Earlier this year I got a new vehicle – I went from a sedan to an SUV. There were definitely some adjustments to be made. The simple act of putting the key into the ignition and turning the engine on was no longer one smooth move. It took me almost a week to get used to positioning my fingers and hand differently. Then there’s the gear shift. In my car it was on the floor, in my SUV it’s on the steering column. At times I still find myself grasping in midair for the stick.
As I changed careers and started building my own business, I found myself grasping in mid-air for things as well. Simple things like working outside of the standard eight-hour workday and catching up on my sleep at 2:00 in the afternoon, felt odd and at first produced massive guilt. And having worked for years in a highly professional arena, where the rules of deportment were clearly established and followed, it was a shock to my system that not everyone knew appropriate business etiquette (and didn’t want to). Slowly I learned to reposition my way of thinking – not to ignore or forget what I knew, but to adjust my expectations and learn how to shift the way I approached people and problems while maintaining my values.
As you pursue the purpose for your life, you should expect change to be a given. Don’t feel threatened or fearful. It’s not always about having to throw out your ideas or standards you value. Many times it’s just a simple adjustment in the way you approach things, a small change in the way you are holding onto something, or a new way of looking at people and their needs. It may be a bit uncomfortable and require a little bit of time (and practice), but you will eventually stop grasping the air and move into a new flow along your way.
There’s absolutely nothing wrong with making New Year’s Resolutions. A resolution is simply a firm decision, a determination to change something. Nothing wrong with that… but don’t leave it at that. Doing two simple things will take it out of the realm of mere intention:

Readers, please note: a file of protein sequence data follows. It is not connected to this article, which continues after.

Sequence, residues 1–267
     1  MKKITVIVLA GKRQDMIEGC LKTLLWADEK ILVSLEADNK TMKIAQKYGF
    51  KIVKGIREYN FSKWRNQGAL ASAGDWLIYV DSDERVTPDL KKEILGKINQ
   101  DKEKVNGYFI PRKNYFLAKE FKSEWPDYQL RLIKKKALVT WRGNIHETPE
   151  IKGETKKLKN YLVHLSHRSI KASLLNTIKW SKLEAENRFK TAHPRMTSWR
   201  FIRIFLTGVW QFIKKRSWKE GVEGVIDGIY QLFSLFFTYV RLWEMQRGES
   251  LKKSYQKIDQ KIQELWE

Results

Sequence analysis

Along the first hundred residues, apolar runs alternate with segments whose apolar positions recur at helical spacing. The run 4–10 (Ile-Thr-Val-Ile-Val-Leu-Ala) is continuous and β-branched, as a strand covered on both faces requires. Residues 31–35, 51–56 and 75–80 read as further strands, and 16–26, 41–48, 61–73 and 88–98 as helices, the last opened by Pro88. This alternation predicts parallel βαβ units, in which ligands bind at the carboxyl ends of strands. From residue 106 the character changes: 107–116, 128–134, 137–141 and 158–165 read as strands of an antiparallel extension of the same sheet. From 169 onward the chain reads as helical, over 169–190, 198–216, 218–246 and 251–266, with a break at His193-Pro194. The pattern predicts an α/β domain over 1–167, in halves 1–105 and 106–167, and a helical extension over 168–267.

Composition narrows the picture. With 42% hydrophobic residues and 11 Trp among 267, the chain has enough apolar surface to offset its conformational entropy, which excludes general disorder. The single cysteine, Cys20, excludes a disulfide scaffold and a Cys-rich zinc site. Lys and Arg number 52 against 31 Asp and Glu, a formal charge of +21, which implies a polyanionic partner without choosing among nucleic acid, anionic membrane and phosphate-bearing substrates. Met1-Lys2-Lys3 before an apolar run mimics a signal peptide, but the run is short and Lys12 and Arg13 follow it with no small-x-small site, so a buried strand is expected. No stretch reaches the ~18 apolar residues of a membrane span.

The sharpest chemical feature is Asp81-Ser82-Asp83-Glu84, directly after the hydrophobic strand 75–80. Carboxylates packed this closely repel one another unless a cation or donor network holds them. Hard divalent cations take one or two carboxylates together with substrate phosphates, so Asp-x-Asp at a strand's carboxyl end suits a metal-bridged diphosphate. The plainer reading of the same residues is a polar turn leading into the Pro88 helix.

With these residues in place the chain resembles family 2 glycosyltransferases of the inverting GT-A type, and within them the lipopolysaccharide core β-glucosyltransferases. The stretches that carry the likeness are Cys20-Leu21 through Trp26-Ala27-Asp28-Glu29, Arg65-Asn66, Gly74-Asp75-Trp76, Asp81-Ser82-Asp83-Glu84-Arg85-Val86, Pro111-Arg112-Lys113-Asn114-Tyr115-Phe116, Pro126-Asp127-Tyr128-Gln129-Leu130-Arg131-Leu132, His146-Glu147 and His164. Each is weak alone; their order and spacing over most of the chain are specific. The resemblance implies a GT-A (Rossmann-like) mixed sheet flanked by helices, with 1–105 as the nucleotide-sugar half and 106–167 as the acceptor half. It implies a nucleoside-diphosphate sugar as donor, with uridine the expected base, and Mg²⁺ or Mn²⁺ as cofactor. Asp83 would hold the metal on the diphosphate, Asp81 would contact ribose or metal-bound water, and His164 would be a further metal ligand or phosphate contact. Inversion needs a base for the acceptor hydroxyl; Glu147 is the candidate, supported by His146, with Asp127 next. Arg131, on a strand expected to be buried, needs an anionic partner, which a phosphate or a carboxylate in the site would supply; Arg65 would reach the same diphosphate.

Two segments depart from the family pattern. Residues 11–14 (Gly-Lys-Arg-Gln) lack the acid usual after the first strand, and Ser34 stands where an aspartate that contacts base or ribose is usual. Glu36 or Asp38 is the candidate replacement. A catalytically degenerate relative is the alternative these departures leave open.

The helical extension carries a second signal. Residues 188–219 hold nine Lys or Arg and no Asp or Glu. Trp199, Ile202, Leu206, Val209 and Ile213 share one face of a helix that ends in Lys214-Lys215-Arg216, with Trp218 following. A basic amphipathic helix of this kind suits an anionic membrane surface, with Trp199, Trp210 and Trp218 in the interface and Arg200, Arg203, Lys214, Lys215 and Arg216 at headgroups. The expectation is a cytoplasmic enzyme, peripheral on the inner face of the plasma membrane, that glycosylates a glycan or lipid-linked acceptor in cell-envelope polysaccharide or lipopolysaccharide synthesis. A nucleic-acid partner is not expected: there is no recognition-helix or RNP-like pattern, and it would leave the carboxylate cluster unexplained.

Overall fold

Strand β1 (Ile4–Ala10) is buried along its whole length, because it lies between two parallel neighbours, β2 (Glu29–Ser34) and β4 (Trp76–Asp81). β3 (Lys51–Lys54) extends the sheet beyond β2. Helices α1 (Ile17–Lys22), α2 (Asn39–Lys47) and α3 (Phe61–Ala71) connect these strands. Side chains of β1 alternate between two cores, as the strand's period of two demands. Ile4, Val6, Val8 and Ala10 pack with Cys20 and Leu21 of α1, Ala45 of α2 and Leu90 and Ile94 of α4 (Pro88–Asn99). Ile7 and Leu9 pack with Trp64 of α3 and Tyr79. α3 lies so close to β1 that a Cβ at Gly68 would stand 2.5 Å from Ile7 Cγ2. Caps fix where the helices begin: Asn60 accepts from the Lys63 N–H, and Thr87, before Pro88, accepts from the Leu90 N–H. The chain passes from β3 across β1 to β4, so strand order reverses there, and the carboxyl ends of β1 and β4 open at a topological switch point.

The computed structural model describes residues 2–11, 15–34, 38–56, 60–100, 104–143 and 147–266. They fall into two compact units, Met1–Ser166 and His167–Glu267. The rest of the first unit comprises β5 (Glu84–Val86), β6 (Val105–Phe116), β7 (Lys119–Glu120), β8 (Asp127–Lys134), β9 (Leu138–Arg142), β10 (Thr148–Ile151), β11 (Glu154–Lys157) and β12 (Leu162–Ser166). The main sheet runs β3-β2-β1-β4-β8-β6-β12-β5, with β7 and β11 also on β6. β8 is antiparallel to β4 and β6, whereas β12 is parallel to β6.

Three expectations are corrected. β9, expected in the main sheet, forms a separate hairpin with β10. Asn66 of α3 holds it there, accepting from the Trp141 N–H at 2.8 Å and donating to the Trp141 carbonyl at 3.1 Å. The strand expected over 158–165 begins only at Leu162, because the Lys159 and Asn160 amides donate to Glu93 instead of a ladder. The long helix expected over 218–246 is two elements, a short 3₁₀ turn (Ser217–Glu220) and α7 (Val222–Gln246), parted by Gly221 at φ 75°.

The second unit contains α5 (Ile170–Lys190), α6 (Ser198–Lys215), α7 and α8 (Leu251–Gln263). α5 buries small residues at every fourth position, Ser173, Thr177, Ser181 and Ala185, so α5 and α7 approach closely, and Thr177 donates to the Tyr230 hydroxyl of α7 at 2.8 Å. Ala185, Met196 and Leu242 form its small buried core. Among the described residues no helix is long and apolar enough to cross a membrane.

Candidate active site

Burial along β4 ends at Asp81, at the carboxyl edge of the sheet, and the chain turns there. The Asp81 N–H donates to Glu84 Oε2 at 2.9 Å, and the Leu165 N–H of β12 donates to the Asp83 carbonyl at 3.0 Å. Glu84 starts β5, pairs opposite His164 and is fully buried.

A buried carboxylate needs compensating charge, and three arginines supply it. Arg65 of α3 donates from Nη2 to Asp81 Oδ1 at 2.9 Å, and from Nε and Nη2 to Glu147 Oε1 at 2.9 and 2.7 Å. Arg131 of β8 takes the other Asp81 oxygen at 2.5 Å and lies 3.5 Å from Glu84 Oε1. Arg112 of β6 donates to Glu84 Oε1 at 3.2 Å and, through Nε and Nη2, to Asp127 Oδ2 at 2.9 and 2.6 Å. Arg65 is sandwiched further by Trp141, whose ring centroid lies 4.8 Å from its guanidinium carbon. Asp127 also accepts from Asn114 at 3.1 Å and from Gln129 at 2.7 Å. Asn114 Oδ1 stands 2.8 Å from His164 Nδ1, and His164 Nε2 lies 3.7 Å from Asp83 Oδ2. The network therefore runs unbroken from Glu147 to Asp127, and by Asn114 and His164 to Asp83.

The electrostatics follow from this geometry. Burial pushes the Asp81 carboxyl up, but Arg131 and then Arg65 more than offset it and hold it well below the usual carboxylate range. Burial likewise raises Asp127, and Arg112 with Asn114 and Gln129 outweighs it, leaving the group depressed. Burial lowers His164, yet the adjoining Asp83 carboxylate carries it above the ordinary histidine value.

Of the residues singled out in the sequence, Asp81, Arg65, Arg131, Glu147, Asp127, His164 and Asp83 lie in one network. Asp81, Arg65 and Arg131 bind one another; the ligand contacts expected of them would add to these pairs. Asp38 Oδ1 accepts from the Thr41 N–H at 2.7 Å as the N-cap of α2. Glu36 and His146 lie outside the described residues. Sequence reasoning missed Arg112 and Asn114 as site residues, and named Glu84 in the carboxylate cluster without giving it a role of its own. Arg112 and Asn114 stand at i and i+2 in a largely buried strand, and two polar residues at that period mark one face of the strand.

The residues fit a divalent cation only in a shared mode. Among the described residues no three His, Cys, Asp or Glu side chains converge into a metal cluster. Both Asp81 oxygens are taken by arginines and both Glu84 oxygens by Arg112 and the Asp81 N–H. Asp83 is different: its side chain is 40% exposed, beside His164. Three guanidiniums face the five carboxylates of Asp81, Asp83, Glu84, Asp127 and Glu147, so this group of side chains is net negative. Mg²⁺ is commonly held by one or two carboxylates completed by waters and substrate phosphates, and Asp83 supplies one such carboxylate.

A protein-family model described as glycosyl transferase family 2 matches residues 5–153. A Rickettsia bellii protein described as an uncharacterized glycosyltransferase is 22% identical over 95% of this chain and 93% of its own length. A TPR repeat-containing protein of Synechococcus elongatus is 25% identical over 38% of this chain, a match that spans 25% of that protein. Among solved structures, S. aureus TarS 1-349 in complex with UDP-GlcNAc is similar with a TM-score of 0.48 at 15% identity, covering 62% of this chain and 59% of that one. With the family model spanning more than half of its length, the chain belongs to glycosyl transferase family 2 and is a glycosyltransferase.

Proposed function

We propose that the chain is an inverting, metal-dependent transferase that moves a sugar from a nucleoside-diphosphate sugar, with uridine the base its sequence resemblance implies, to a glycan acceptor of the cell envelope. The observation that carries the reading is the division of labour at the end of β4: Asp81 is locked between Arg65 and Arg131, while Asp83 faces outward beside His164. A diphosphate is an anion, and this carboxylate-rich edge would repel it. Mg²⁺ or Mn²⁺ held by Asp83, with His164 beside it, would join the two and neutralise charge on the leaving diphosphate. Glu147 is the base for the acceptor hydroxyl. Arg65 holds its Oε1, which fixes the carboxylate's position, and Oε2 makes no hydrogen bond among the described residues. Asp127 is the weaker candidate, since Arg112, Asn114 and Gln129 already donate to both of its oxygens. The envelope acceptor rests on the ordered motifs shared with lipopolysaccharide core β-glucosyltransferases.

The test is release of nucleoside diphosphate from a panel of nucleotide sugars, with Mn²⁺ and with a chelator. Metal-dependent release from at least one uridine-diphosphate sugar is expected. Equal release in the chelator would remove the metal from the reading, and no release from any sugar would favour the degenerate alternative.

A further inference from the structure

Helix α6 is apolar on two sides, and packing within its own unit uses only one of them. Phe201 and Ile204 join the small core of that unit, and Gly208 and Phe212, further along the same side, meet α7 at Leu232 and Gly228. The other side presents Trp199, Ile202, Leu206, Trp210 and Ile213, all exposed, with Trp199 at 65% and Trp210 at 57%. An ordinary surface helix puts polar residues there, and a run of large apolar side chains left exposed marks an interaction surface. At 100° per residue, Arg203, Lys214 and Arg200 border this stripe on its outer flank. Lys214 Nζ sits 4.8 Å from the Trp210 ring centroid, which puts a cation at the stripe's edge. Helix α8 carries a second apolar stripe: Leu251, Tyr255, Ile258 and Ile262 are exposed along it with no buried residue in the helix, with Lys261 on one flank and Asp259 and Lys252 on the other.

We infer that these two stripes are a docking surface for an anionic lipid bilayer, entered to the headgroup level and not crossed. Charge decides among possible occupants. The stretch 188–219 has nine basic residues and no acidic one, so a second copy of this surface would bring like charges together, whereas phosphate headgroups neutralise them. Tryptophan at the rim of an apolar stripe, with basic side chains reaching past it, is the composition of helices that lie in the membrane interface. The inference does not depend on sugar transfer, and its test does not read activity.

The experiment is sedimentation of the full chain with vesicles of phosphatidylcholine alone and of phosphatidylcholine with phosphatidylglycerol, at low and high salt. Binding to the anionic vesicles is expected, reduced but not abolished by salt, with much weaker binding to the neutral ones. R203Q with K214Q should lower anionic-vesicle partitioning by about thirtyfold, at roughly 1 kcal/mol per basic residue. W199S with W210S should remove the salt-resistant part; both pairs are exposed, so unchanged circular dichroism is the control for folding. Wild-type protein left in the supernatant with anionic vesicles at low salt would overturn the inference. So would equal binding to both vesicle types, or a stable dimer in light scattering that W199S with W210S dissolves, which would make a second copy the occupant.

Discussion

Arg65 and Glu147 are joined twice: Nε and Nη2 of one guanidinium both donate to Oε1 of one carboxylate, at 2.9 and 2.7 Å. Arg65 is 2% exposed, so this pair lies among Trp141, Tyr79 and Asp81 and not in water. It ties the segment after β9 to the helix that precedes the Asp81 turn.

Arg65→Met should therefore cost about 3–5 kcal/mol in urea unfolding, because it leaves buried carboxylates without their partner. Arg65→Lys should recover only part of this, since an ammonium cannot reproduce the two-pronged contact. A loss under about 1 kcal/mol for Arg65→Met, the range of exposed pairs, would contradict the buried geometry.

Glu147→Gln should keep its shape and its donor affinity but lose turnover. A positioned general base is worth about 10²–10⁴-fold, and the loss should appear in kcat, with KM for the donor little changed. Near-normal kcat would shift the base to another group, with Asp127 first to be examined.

- Tie your resolution to the purpose God has for your life. Fitting it into the big picture gives it a meaning and value that will take it beyond just the heady rush of the first week of the new year.
- Write down the resolution in the form of an actual goal. Use the SMART acronym to get it on paper and in your heart and mind.
There’s absolutely nothing wrong with making New Year’s Resolutions, but without a form to them, an actual reason and an actual plan, what’s the point? Be intentional. Burn bright.
Don’t ever settle for ordinary, average, unexceptional. I’m not talking about the scale, quantity, or fame of your achievement, but rather in the quality and influence of your purpose. Investing in people, building your confidence by stepping out of your comfort zone, and being bold will drive you forward and bring increase.
The value of your purpose is neither in its size nor in the acknowledgement of others. Feeding a family in your neighborhood, feeding the homeless downtown, feeding millions in Africa – which has more value? Whichever one is done with passion and out of compassion. Whichever one challenges you to step outside of yourself. Whichever one is done with excellence. And no one can really know this except you. How many you reach pales in comparison to the quality of your reach.
Even when you’re feeling small, or others think of you as small, don’t settle for mediocre. Taking the easy route will always leave you feeling less than confident in what you have to offer and keep you from moving onward and upward in your purpose.